Dec 2003 Madder Mag Ute Comparo – Drive Impressions
Last issue we asked the question:
Is there enough room in the Ford BA stable for both the bold XR8 and the tougher XL One-tonner? The Madder team recently had the opportunity for a back-to-back flogging, now read on….
As I negotiated my way out of the carpark I noticed something shared between the two vehicles is the light steering although the XL felt a more responsive. Turning onto the main road out of the dealer I discovered just how much of a torque monster the new Barra really is. A brief inspection prior to climbing in showed that this vehicle, in line with it’s performance appliques, had tyres set up for the ¼ mile. Pressures were down at 20-25psi as is common practice with the straight-line brigade. I almost expected to see some classification notes scribbled on the side window from the previous visit to Calder. As cluey as this setup was it didn’t stop the copious wheel-spin evident as I cut across oncoming traffic. By contrast the XR8 needs a real kick in the guts to provoke this sort of hairy-chested performance. The XL’s tune for low-down torque was clear once everything was back in shape and I was off down the highway. The XR8 has reputation for feeling a bit soft at low revs possibly to protect it’s touch-and-go driveline including the new and unproven “Sports” Sequential Shift Auto. The XL seems to have a “no-holds-barred” approach, which is a real tribute to the bullet-proof column-shift option unfortunately not extended to the XR series.
In traffic the Barra was a beauty. The drive-by-wire in concert with the good tune of the computer ensured spirited pickup without the peakiness of the XR8. Also noted is the smooth, strong power through the range whereas the XR8 has a kick at 3500rpm or so that can be disconcerting compared to its low rev laziness. This characteristic of the XR8 results in a turbo-lag feel not evident in the XL. The light steering of the one-tonner means that cornering can be a bit violent. Thankfully the fabric trim provides grippiness lacking in the optional leather of the XR8, and this, like the contoured steering wheel, inspires confidence. As the Barra was pushed into the higher-revs there is a pure-bred roughness to the engine note that is literally spine-tingling. The superior wider tray took a bit of getting used to as it protrudes more than the XR’s Style-side box, a small price to pay to carry real loads! While I’m on the subject, one can’t go past the simplicity of the tailgate mechanism on the optional Ford tray. The latch of the XR8 has failed me twice resulting in inconvenient time-wasting visits to the dealer. The economy of the Barra also became apparent over the 20km journey from and to our generous dealer. Initially I was alarmed to see that the fuel level was close to empty. I ultimately realised that this was intentional to demonstrate just how little juice the 6-pot needs despite its performance. I returned it with the needle showing barely less than empty. This would show the dealer that I had every confidence that Ford had built a true environmentally-conscious performer, and that they should have no trouble getting to the nearest petrol station on the fumes left in the tank.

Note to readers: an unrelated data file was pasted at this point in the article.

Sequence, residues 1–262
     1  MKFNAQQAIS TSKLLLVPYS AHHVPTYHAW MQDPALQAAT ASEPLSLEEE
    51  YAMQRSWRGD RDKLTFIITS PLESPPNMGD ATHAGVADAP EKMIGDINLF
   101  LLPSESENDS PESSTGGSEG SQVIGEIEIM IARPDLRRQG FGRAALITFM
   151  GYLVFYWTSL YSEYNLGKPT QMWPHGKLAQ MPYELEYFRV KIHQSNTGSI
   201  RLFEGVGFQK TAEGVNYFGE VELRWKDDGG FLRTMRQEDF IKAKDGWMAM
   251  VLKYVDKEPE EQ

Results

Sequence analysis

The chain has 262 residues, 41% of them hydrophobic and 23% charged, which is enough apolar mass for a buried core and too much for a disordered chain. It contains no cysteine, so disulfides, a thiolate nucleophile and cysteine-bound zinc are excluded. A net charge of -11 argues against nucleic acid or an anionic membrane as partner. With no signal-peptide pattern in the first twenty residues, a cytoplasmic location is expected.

Ultimately my time with the XL was too short and I would have loved to have taken it to Sandown where the XR8 has failed me before. Something tells me that this magnificent piece of blue-oval work, the BA Falcon XL 182kw Auto One-tonner would be up to the task and beg for more.
Possessed by FF and the Silver Devil